PPE made by 3D Printers
There are many 3D printers that are idle that could instead be printing free 3D designs for PPE such as head bands for face-shields. When feasible and practical, orders to Gear4Covid.com from hospitals and medical clinics for products made by 3D printers would be directed to public institutions, such as universities, libraries and schools, that have 3D printers and are offering to make PPE products for free or at cost.
There are a wide range of 3D printable designs are available for free. For example, shown at this link are links to several 3D product designs that can be downloaded for free and produced by a range of 3D printers, see: Free 3D product designs for 3D Printers.
3D printed products that are ordered in substantial volumes may be shifted to production by one or more injection molding companies. For example, some injection molding companies can create molds within a few days and start producing products at a much lower cost and higher volume than could be completed using 3D printers. There are added benefits of producing products by an injection molding process. For example, the surface of an injected molded product in not nearly as porous a typical 3D printed projects so the former is more resistant to bacteria growth.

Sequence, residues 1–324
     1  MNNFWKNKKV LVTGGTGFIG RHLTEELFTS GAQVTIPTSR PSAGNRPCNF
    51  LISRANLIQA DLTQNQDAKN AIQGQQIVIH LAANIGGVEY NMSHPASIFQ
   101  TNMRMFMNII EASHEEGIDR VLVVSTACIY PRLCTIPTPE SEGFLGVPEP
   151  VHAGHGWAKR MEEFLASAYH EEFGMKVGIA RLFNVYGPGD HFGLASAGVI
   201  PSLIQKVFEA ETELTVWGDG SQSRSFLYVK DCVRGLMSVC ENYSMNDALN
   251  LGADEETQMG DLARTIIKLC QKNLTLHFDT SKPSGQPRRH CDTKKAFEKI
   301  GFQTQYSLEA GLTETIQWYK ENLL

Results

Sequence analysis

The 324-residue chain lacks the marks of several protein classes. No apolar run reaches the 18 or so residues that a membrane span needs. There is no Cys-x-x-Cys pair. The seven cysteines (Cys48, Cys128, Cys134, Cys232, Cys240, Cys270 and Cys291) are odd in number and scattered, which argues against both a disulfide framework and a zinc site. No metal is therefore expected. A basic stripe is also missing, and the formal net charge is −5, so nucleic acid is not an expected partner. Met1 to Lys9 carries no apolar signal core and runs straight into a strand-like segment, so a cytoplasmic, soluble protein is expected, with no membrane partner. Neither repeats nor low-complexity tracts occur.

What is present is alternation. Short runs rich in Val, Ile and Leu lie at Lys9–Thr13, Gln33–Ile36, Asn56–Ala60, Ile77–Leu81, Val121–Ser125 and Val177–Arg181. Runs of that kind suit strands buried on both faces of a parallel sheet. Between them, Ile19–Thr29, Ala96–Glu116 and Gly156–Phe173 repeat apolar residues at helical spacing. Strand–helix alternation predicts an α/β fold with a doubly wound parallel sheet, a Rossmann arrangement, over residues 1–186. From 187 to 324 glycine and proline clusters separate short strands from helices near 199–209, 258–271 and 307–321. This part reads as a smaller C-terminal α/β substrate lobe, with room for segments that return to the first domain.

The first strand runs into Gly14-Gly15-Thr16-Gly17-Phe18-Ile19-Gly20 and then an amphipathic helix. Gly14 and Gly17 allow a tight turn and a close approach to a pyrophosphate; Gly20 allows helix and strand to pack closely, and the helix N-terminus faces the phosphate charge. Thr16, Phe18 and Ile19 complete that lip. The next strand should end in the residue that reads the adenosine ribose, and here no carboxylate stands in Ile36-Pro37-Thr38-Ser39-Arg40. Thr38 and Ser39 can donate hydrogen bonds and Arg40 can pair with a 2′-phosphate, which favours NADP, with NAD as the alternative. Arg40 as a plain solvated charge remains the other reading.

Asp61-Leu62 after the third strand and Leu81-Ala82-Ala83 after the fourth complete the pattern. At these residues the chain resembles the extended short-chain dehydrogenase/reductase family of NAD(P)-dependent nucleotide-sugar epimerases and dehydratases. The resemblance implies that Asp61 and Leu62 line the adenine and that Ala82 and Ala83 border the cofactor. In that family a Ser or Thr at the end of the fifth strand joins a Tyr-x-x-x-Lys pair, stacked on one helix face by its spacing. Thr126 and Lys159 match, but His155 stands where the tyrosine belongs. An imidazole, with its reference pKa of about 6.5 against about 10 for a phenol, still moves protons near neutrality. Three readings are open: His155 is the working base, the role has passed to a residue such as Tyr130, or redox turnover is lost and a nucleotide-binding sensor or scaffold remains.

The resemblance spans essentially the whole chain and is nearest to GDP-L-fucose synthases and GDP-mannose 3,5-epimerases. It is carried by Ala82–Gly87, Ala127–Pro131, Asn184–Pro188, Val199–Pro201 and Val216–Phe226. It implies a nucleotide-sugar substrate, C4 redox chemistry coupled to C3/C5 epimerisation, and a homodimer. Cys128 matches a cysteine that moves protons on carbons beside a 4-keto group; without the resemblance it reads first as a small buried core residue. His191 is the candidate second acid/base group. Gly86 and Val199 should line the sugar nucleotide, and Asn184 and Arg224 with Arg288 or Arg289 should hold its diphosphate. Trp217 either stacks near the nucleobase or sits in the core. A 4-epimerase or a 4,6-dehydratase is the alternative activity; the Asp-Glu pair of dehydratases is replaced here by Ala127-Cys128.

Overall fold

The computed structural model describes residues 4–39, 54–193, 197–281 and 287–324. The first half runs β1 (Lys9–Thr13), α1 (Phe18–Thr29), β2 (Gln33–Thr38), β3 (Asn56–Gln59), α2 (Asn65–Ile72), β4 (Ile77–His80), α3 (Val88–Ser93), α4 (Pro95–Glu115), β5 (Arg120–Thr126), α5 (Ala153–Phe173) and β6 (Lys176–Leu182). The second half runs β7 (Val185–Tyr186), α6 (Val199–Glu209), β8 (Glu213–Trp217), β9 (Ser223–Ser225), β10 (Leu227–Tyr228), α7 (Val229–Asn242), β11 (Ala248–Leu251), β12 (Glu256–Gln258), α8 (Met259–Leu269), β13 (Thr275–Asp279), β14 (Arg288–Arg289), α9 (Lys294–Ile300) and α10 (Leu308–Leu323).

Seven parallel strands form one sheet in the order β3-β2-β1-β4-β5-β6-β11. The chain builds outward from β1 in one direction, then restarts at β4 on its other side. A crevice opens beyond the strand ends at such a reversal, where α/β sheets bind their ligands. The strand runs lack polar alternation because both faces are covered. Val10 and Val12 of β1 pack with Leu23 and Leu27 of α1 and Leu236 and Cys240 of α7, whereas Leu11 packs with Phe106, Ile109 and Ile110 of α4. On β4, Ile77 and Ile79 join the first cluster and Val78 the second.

If needed, products produced by 3D printers can be sealed and/or finished by various methods. For some examples, see: Ultimate Guide to Finishing 3D Printed Parts by Fictiv. One example sealing coating for 3D printed products is called Epoxy Penetrating Sealing and Coating Resin System (BJB Enterprises Part #: TC-1614 A/B), which is an unfilled, low viscosity epoxy resin system designed to seal porous to semi-porous substrates. In addition, some materials used in 3D printing can be annealed through heating, which can help seal the pin-holes in the surface of a typical 3D printed product.